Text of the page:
One of the most significant monasteries in Crete. It was founded around the mid 15th century, probably on the ruins of an earlier convent. The monastery was plundered by the knights of Malta in 1530 and shattered in 1612 by a strong earthquake. Due to its strategic position, the senate of the Republic of Venice, then ruler of Crete, decided to financially aid in rebuilding it. The monastery flourished until the surrender of eastern Crete to the Turks in 1646, after which it was abandoned for a long time. In 1704, it acquired special protection privileges from the Patriarch and was re-inhabited. After its monks were slaughtered by Turks in 1821 during the Greek Revolution of Independence, Toplou was again deserted until 1828. In 1866, during the massive Cretan revolt against the Turks, it was once again devastated. During the German occupation of 1941-44, Toplou was providing shelter to resistance fighters and housed their wireless radio. When this was discovered by the Germans, the abbot and two monks were tortured and executed.
The ancient Itanos was one of the strongest cities in Crete, especially during the Hellenistic and Greco-Roman times. The name comes from its founder Itanos, who came from Phoenicia. Its territory, during its peak, stretched from Cape Samonio (current Cape Sidero) to Cape Erythrae (current Cape Goudouras). The city flourished due to glass trade, fishing and trade of Tyrian purple, the red dye coming from shell extract. Koufonissi Island, which was owned by Itanos, was famous for the production of purple. Also, in Palekastro was located the temple of Diktaean Zeus, which brought big profits in the region. Today visitors can walk through the archaeological site and admire the various ruins such as the large tower on the western acropolis built by black stones, the large Christian church in the eastern citadel of the Hellenistic settlement, the two Early Christian churches at the foot of the hill that leads to Vai and the cemetery outside the town.
What we call "Palekastro" today is a Minoan town unearthed at the Rousolakos location near the modern town of Palekastro. It is located strategically at the East shore of Crete adjacent to the sheltered harbor of Chiona, a few kilometers North of the palace of Kato Zakros. The life of Minoan Palekastro came to an abrupt end in 1400 (or 1500) BC at the same time the other Minoan Palaces and towns, and while there is no conclusive evidence, the volcanic eruption of Thera, or foreign invasion, or a combination of the two appears as the most likely cause for the catastrophe. The ruins at the archaeological site that has been excavated must comprise a very small part of a vast settlement. One gets the feeling that the olive groves beyond the site itself hide a wealth of minoan secrets under their soil, and in fact, fragments of pottery along the beach, and large stones on the headland that frames the sandy beach to the South testify to the abundant existence of archaeological ruins and artifacts.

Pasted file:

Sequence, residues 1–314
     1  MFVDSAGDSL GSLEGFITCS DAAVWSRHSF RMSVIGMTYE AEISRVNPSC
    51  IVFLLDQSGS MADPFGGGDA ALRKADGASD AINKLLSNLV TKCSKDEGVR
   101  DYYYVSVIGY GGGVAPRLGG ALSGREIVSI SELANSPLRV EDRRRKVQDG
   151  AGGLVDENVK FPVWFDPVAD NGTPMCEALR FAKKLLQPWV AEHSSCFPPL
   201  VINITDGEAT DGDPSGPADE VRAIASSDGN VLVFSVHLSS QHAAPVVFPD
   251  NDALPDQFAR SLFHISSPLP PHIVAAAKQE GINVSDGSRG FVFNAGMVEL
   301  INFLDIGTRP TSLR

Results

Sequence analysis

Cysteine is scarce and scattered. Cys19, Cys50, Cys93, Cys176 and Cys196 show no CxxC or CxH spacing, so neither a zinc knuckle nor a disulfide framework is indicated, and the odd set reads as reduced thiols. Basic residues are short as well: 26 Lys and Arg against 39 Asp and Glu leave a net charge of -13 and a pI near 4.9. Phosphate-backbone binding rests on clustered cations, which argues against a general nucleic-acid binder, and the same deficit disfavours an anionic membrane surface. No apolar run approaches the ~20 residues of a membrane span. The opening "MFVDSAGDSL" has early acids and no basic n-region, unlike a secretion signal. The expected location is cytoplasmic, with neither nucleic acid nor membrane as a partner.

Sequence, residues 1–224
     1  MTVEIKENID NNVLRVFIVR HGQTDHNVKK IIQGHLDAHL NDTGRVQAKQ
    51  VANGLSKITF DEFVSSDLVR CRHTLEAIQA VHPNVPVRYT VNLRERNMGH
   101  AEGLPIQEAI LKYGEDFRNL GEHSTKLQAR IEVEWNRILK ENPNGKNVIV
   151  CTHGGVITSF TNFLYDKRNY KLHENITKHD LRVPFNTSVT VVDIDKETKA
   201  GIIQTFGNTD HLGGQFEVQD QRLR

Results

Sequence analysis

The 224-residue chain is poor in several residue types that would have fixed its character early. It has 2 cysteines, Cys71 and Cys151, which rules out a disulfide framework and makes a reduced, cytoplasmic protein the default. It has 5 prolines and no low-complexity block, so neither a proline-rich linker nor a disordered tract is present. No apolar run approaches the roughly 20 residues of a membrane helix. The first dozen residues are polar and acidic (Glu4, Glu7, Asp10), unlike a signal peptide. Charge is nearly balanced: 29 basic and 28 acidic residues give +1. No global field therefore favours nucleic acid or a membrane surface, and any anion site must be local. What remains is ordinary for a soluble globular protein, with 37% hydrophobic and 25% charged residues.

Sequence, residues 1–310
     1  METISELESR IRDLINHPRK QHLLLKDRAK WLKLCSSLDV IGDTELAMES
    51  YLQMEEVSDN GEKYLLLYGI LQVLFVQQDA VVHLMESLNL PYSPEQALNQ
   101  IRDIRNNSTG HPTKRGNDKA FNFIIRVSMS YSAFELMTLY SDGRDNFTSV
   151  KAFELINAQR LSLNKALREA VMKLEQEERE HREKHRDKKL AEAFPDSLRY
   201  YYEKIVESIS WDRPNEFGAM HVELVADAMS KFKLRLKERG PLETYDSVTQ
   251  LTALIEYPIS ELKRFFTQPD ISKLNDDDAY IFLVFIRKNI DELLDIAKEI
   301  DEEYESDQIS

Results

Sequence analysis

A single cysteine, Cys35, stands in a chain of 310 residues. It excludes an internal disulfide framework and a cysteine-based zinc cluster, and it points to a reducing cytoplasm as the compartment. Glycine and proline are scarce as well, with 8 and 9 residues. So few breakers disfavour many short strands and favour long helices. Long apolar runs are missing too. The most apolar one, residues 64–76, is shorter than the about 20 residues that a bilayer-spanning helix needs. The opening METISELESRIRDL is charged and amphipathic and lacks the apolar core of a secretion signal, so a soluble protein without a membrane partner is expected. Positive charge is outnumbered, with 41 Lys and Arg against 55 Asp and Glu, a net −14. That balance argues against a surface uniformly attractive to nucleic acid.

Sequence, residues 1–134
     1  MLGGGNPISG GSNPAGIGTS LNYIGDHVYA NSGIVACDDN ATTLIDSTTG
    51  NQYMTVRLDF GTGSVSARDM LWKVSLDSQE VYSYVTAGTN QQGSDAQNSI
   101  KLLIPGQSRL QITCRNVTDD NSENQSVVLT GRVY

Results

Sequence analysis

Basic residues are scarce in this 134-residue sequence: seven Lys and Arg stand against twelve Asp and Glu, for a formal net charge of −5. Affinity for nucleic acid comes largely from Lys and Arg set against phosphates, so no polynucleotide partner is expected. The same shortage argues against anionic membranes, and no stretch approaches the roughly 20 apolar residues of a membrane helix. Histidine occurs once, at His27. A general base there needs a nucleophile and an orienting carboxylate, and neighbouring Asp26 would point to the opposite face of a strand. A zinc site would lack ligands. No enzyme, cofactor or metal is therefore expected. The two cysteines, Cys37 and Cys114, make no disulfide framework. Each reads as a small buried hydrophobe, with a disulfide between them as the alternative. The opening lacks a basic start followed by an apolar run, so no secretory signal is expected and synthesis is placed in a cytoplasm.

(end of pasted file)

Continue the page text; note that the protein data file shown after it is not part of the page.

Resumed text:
The settlement of Xerokampos is one of the most remote areas of the island. It can be accessed through the asphalt road coming from Zakros. In Xerokampos the landscape is arid and truly eerie, characterized by bare rocks and steep mountains. The vegetation is limited to bushes and there are some places with a few olive groves. Xerokampos is ideal for relaxing holidays and is not suggested for party animals. Xerokampos wild mountains are in direct contrast to the calm sea and the beautiful beaches. In a relatively small area you will actually find all types of beaches, as there are beaches with rocks, coarse pebbles, small pebbles, golden sand, white sand and turquoise waters, while there is also a beach with clay for lovers of natural spa!